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Concerto for violin, strings and basso continuo no. 2 in E major, BWV 1042

Johann Sebastian Bach
Length: 20'
Allegro
Adagio
Allegro assai

The E-major Violin Concerto is a creation of purest Bachian splendor. Opening with three aggressive chords, built on an E-major triad, that form the beginning of the main subject, the first movement unfolds in a fashion characteristic of the composer, but with some surprises. Two serious episodes in minor provide sharp contrast with the ebullience of the main material. And before the return to the main subject, the violin has a tiny solo followed by an unexpected pause before those three opening chords announce the final full exposition of the movement’s main substance.

The minor-keyed slow movement opens the floodgates of a kind of exquisitely controlled poignancy that is Bach’s inimitable version of Baroque romanticism. The form is chaconne-like, which is to say there is a persistent figure in the orchestra above which the violin, after entering on a long-held note, spins seemingly improvisatory strands of serene expressiveness. Bach at his most exalted.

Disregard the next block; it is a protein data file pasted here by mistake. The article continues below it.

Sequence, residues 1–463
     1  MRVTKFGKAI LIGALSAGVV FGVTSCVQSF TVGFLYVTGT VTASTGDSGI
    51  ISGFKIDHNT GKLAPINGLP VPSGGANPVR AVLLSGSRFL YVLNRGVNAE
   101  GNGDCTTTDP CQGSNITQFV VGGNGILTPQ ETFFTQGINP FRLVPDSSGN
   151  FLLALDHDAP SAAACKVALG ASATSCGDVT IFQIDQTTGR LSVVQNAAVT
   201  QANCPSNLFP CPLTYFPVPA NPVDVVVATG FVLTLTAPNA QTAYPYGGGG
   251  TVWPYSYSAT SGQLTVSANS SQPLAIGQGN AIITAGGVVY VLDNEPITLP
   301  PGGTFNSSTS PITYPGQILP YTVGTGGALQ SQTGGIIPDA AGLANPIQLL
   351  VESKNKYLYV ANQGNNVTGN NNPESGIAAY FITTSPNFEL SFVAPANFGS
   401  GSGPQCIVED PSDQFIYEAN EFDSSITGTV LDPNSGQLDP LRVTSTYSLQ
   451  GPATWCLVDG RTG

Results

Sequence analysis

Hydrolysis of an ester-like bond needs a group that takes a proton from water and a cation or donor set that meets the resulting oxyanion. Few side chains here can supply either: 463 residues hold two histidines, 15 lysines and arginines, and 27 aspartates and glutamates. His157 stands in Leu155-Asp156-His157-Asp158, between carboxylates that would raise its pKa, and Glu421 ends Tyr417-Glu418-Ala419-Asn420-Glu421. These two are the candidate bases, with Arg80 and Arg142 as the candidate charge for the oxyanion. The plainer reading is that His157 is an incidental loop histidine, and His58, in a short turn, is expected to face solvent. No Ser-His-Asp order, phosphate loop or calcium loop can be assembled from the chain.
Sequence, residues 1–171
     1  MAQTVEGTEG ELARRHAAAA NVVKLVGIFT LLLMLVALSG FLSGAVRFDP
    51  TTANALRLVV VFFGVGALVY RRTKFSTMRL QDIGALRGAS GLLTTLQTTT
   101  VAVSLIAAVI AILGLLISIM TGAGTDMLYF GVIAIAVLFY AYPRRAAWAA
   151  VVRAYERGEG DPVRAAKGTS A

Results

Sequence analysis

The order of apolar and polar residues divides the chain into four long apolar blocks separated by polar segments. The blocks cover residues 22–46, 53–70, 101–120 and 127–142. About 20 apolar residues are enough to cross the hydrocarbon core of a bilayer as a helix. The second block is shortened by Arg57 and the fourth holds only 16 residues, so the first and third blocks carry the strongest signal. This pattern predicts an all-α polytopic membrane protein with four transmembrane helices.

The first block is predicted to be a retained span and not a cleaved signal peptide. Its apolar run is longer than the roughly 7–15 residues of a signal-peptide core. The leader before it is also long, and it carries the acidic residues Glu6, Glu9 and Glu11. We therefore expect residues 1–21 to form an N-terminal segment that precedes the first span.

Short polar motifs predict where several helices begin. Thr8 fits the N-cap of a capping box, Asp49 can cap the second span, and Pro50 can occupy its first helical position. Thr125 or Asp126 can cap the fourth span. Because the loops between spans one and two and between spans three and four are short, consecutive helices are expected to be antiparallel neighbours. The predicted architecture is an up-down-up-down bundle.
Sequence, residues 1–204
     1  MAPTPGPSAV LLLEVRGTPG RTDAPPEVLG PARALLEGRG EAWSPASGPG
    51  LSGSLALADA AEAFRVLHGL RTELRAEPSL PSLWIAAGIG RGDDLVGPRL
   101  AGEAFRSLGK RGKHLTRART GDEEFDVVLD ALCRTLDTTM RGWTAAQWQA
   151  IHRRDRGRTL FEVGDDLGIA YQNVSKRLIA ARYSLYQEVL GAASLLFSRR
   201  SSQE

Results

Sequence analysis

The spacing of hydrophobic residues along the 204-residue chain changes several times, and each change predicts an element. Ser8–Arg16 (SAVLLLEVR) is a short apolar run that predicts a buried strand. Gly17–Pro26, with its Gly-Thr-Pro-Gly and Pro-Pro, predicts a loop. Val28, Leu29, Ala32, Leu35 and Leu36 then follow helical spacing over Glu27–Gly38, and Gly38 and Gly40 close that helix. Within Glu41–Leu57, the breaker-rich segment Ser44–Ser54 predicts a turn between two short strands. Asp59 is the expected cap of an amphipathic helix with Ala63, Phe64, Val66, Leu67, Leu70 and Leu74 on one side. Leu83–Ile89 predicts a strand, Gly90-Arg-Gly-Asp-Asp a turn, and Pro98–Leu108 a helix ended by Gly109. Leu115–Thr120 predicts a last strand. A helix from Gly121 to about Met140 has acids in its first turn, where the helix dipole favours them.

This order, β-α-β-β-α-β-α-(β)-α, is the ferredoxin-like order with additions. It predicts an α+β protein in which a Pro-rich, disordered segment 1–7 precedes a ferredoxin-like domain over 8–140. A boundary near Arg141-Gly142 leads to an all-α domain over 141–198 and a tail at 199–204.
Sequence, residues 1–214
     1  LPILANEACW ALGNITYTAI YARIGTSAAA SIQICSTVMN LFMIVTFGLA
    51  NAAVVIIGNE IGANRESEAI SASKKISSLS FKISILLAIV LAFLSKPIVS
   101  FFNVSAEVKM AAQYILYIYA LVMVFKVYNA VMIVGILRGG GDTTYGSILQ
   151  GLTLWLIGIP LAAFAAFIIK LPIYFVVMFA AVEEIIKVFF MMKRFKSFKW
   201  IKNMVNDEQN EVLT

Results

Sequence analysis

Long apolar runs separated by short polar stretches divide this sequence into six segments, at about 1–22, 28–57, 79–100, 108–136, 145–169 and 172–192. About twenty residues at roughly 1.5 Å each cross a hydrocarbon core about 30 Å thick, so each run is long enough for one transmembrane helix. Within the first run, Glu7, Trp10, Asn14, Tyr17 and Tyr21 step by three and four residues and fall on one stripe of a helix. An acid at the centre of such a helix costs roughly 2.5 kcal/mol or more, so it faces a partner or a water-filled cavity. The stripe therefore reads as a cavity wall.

The exuberant final movement is calculated to be give-and-take between orchestra and soloist – the group refrain appears five times with the soloist’s episodes in between. In the final solo episode Bach gives the soloist a brief but telling bit of virtuosity.

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